June 9, 2010 / 11:26 AM / 10 years ago

North Korea denies sinking South ship in letter to U.N.

SEOUL (Reuters) - North Korea has sent a letter to the U.N. Security Council rejecting accusations from South Korea that it was behind the sinking of one of its neighbor’s navy ships, saying it was the victim of a U.S.-led conspiracy.

Military rescuers search for possible survivors of missing crew members of the Navy corvette Cheonan that sank on March 26, off Baengnyeongdo, an island near the maritime border with North Korea April 3, 2010. REUTERS/Korea Pool

The letter, addressed to the U.N. Security Council president from the North’s permanent representative to the body, followed the filing of a complaint by the South last week demanding action by the international community to deter further aggression.

A team of international investigators led by South Korea’s military said in May that a North Korean submarine torpedoed the corvette Cheonan on March 26, snapping the vessel in half in a blast and killing 46 sailors.

North Korea, through its official media, has already rejected the charge, saying it was a ploy by the South’s President Lee Myung-bak aimed at political gains for his conservative government.

“With time it is becoming clearer through military and scientific analysis that the ‘investigation findings’ by the U.S. and the South, which had been from their announcement subject to doubts and criticism, is nothing more than a conspiracy aimed at achieving U.S. political and military goals,” said the letter, signed by the North’s permanent representative to the U.N. Sin Son-ho and carried by the official KCNA news agency.

“If the Security Council goes ahead with discussions on the ‘investigation findings’ ... no one will be able to guarantee there won’t be grave consequences to peace and stability on the Korean peninsula.”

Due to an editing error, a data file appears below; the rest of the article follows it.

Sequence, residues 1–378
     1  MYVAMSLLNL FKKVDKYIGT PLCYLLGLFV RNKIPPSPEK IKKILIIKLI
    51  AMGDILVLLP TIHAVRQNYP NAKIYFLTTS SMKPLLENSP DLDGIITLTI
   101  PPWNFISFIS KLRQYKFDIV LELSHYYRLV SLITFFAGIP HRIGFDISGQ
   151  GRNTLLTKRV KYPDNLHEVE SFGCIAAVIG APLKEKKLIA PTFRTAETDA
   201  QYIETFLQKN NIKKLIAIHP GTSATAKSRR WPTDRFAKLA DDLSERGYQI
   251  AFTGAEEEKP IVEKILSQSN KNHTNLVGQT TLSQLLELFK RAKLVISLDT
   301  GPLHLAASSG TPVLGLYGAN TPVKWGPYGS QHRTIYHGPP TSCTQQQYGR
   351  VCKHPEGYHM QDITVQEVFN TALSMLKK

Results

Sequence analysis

North Korea has driven tensions to new heights in recent weeks by threatening war if Seoul imposes sanctions. The mounting antagonism between the two Koreas has unnerved investors, worried about armed conflict breaking out in the region.

Many analysts say neither side is ready to go to war, but see the possibility of more skirmishes in a disputed sea border off the west coast or along their heavily armed border.

Despite the tense confrontation, the South said on Wednesday it had approved the shipments of baby formula for North Korean infants as a rare exception to the ban on trade, travel and movement of goods across their border.

The United States, the South’s biggest ally, said Seoul may not seek a full Security Council resolution because of rising tensions after the sinking of the Cheonan. Seoul said it would hold discussions with its allies to ensure action was taken.

Western diplomats say China, North Korea only real ally, will not tolerate new sanctions, while Seoul appears determined to have the council at least agree on some form of rebuke.

Editing by Alex Richardson

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